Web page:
Date Published15 June 2017
Price£ 7.99


by Harlan Coben

Ten years ago, two six-year-old boys were kidnapped. Now one of them has been found and reunited with his family. But the search for the second boy continues.


Former sports agent Myron Bolitar is back after a gap of several years, during which time he has only made occasional appearances in Harlan Coben’s entertaining young adult trilogy featuring his nephew, Mickey. Also back is billionaire and borderline psychopath Windsor Horne Lockwood III, better known to Myron as Win, who took off without explanation a year ago and has been steadily fuelling the rumour-mill about his own disappearance ever since.

Much as I like Coben’s many standalones, seeing Myron and Win in action together is always a special treat, and this latest outing is no exception. The story starts with Win well off home territory in London, searching for two boys, Patrick and Rhys, who went missing ten years ago. For Win it’s personal, as one of the missing boys is the son of his cousin Brooke Baldwin. The two boys were snatched by armed intruders and despite the high-profile nature of the case, no leads were found, until Win received an anonymous tip-off that they had been seen in London.

Win, unsubtle as ever, kills three men to get at one of the boys, but Patrick – or someone who might have been Patrick – runs from the scene and Win ends up tangling with an obese crime lord and gamer who goes by the name of Fat Gandhi. The operation to free the two teenagers has about all the subtlety of a brick in a sock – which is what we expect from Win – but it’s only partially successful. Patrick is returned to his parents, injured but alive, but of the second boy, Rhys, the son of Win’s cousin, there’s no trace. Even when it proves impossible to get any information out of the traumatised Patrick, Win vows not to give up the search.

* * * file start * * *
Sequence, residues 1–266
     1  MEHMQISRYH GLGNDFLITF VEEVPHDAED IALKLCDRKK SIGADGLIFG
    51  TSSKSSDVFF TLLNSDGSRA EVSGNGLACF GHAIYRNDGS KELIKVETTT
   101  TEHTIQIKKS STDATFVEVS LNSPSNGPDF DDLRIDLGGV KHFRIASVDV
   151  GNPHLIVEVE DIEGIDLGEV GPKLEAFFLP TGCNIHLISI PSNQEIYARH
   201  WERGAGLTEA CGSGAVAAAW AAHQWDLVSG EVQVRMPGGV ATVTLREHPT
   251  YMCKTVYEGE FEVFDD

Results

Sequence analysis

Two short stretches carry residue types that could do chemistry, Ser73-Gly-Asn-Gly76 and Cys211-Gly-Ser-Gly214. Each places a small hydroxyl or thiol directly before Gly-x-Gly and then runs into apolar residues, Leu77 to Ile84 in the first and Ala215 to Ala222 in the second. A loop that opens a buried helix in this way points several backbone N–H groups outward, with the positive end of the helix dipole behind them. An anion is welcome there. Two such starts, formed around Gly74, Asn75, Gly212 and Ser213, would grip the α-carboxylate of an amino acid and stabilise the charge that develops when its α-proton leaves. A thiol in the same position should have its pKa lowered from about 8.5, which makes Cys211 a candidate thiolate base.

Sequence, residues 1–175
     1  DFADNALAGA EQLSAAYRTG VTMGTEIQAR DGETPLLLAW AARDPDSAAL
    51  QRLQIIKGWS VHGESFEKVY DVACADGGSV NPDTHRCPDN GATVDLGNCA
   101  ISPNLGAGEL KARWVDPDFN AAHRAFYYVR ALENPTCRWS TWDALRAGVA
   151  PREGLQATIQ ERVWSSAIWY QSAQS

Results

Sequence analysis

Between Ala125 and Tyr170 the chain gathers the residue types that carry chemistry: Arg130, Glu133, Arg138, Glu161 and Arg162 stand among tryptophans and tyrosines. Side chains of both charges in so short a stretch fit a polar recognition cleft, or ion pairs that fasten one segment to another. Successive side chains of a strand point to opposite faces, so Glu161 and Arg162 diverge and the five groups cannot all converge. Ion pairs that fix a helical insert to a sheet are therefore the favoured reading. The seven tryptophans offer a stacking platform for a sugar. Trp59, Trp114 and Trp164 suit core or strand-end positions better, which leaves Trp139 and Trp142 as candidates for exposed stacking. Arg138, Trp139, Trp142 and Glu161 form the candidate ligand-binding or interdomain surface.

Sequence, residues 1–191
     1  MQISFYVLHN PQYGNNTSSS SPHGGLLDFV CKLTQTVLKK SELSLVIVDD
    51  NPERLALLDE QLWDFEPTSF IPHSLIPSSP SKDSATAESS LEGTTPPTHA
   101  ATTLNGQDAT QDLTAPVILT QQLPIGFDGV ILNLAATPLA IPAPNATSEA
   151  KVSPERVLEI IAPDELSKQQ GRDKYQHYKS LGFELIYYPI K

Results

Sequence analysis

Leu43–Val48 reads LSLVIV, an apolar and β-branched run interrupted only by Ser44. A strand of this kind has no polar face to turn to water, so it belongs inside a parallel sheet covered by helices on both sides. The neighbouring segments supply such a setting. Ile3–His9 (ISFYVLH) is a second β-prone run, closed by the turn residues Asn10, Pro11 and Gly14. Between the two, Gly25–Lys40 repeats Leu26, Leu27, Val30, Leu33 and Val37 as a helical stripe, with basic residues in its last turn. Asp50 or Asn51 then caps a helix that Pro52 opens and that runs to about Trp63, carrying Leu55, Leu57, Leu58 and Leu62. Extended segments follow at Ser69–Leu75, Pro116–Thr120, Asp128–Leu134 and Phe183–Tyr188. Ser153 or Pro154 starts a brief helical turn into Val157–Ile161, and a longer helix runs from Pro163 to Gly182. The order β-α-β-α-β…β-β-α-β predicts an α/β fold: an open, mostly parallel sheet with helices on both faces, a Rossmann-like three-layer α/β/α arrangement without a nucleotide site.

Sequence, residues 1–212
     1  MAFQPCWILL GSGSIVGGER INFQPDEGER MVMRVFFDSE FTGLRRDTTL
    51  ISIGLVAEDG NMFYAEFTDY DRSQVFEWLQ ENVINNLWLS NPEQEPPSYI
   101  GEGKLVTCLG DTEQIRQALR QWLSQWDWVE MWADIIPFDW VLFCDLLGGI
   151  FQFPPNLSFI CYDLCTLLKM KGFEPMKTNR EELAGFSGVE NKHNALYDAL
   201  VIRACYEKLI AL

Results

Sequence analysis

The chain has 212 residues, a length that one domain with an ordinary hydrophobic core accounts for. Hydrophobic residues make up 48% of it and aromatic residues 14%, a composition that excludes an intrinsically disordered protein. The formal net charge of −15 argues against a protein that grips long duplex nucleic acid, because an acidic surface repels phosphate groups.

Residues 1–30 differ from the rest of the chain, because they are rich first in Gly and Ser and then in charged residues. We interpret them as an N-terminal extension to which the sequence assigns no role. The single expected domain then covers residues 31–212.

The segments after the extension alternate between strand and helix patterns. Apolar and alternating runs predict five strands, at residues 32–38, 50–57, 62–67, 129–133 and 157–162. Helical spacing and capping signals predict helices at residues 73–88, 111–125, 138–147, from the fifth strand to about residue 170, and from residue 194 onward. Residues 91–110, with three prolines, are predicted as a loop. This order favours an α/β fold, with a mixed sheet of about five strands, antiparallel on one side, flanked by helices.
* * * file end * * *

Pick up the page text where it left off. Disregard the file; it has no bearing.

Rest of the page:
More than ever, the partnership of Myron and Win reminds me of Robert B Parker’s classic duo Spenser and Hawk, with Myron as Spenser and Win as Hawk, and if the four ever meet up, I wouldn’t want to bet on the outcome. Home has all the twists and turns expected of a Coben thriller and I was, as usual, behind the curve on most of them. I enjoyed the book as much for the interplay between the characters as for the plot, and it was particularly satisfying to see the crossover of Mickey and his friends Ema and Spoon from the YA trilogy. The events of those books are woven seamlessly into this story and whilst it doesn’t matter in the least if you haven’t read them, it will add an extra dimension if you have, particularly when it comes to a surprising revelation about one of the two main characters. But on that point, my lips are sealed.

Home is classic Coben and I enjoyed every minute of it. It’s great to see a return of his series characters after a long gap and I hope this isn’t the last we see of Myron and Win.

Reviewed 08 July 2017 by Linda Wilson